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Grace Tennet
by on May 12, 2020
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Like many countries around the world, New Zealand has not always used one type of currency but rather it has shifted as time has moved on. Before the dollar, British Pounds were used, this was between 1933 - 1967. But New Zealand became more independent from the British empire and it then adopted its own money. According to this website, Kiwis prefer choosing NZDs over other currencies when playing, and there's a reason for such popularity - stability.

How it began

In 1957, New Zealand set up a group to investigate decimal currency. This process went on until 1963 when the government realized that creating their own cash system was a viable option. In part, this was driven by a small but consistent meat, wool, and dairy market that was rapidly growing at the time.

1960’s

In 1963 the New Zealand government decided to decimalize its currency system and start trading with the Dollars. In 1964 the Decimal Currency Act was approved which was the final step needed before NZ$ was officially introduced on June 10, 1967. Thanks to a high initial evaluation the new Dollar began trading at 2 Dollars equal 1 Pound. Initially, 27 million dollars were printed in notes and 165 million in coins.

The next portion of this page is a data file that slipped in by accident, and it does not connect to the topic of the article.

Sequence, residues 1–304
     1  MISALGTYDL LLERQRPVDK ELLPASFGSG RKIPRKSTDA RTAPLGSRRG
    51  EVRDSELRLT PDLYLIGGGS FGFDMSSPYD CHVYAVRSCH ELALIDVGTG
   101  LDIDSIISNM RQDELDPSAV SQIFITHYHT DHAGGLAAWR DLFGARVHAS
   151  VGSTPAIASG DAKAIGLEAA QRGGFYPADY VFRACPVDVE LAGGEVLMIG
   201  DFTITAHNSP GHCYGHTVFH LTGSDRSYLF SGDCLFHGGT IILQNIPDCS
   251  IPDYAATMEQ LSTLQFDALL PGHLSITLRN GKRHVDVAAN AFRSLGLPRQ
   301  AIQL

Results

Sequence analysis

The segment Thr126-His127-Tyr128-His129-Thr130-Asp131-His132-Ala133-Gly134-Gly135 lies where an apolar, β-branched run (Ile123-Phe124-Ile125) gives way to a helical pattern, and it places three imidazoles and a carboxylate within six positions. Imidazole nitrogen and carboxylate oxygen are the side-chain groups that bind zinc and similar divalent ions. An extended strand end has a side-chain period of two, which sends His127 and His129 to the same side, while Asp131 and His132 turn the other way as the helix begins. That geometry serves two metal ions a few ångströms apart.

Modern times

The New Zealand Dollar is currently used throughout the country as well in its various territories like the Cook Islands, Niue, Tokelau, and the Pitcairn Islands. The reason for this was due to its long-term stability.

The strength of the NZ Dollar has remained largely the same over time with 1 being equal to half a Pound today. This is due to the continued growth of the manufacturing and agricultural sectors across the country. New Zealand is also a world leader in global export which contributes towards the economy further.

Future

With how the various markets are set up within NZ it is likely that this trend of market strength will continue going forward. This will also be aided by the population growth which is estimated to be between 1.5-2.0% percent per year.

The New Zealand Dollar has been a good example of a long term stable currency since its inception and it will likely continue.

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